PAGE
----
Why Are We So Fearful of Change?

My favorite spot to practice yoga at my neighborhood studio is next to a big window overlooking several trees. From there, I can appreciate the birds and the natural variations of the seasons while I practice.

I admire the way nature so readily embraces change. Trees don’t complain about losing their leaves or being too cold. Flowers don’t desperately attempt to prolong summer. Animals gracefully accept aging.

Life is comprised of transitions. Yet, most of us try to avoid change at any cost—even by maintaining a present that isn’t wholly satisfying. If we are not careful, fear of change can prevent us from realizing our full potential.

Why are we so fearful of change?

Change is uncomfortable. Habits feel right to our neurons even if they are no longer serving us. Change requires a creative process that is always a messy journey into the unknown, a zone that can be terrifying.

But along with the terror there is often a spark of excitement, a spark that we suppress.

What can help us to pursue the spark?

We need to shine a light on our shadow side. This is the side of our personality that contains all of the not-so-appealing parts of ourselves—all of the fears and attachments that keep us in status quo although we feel the spark directing us elsewhere.

Acknowledging and accepting our shadow allows us to integrate it into our whole being and move forward. My own experience meeting my shadow led me to uncover three of the biggest reasons we fear change.

One reason is that our society doesn’t embrace failure or disappointment. It has been given a negative connotation. We ignore the fact that many of the world’s greatest successes emerged out of failure: J.K. Rowling, Steve Jobs, Bill Gates, Albert Einstein, Walt Disney, and Vincent Van Gogh, to name a few.

Another reason is that evolution has left us with an unconscious bias towards negativity. For most of human history, we focused on survival. Staying alive favored those with an overly cautious (i.e., negative) view. Negativity bias prevented us from being the lunch of a lion. This behavior protected our ancestors, but it entraps us.

Lastly, since childhood, we have been conditioned to take on the expectations of our tribes—beliefs, behaviors, and desires. We were also introduced to the rules and pragmatism that will often limit us later. As a result, we tend towards conformity and ignore the spark. But your life is meant to be a unique experience. Conforming clouds its extraordinary nature.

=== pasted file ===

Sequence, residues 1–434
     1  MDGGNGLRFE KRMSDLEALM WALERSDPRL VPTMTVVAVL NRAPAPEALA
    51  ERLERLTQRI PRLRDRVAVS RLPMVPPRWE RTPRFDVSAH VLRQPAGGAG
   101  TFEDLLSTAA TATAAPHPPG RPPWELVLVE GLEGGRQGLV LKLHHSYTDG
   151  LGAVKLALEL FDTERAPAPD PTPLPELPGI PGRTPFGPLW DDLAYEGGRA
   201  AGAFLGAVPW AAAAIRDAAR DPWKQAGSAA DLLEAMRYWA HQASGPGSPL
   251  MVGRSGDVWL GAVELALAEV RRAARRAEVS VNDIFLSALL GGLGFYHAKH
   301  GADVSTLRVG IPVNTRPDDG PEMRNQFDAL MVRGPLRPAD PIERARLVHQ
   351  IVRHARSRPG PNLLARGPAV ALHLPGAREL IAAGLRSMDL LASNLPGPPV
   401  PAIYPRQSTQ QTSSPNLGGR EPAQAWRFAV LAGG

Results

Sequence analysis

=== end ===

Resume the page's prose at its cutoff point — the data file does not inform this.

In the new year, many of us will be contemplating changing a behavior or an aspect of our lives. Some will dream of it, while the brave ones will get ready to take action.

There is a reason you feel that spark. Life is finite. Don’t squander it. Here are four tips to help you be brave, conquer your fears, and pursue the spark:

1. Cultivate Presence

Practice mindfulness to anchor yourself in the present. Fear doesn’t exist in the now. When we feel fear, it is because our minds have projected a (negative) future scenario that doesn’t exist in the moment. The minute we leave the now for an imagined future (or a past that can’t be changed), we live in fear. This is why it is so critical to be present.

Mindfulness practices also have transformative power. They encourage you to respect your intuition and understand that discomfort can be navigated, is only temporary, and is a rite of passage to a better place.

2. Redefine Failure

Choose to redefine failure as an experience that didn’t turn out as you envisioned, but one that is natural, temporary, and a creative opportunity.

Most of us would never make a change if we didn’t have to. Failure is frequently the only opportunity we have to upgrade ourselves. Navigating change results in personal growth. When we grow on a personal level, we begin to feel more passionate about life in general.

3. Define Your Purpose

We have a finite amount of time on the planet. What do you really want your journey to be about?

A good place to begin is to ask if you are living a life that is true to yourself. Think about the person you were as a child. What did you value? How did you want to live? Are there parts of yourself that have become buried? Will the change you are contemplating bring you closer to your authentic self?

Set the intention to uncover and work towards your ideals. Hold yourself accountable, which is not always easy to do; it helps to work with a supportive friend or professional.

4. Allow Yourself to Mourn the Life You’re Leaving

Accept that it’s natural to feel sad about leaving anything we have put our heart and soul into, no matter how alluring the new chapter seems. I’ve cried every time that I’ve moved to a better apartment. Although my living space was going to improve, a part of me didn’t want to part with my past.

New beginnings are often bittersweet.

Dare to move towards the spark. That is the direction of your heart.

This post courtesy of Spirituality & Health.

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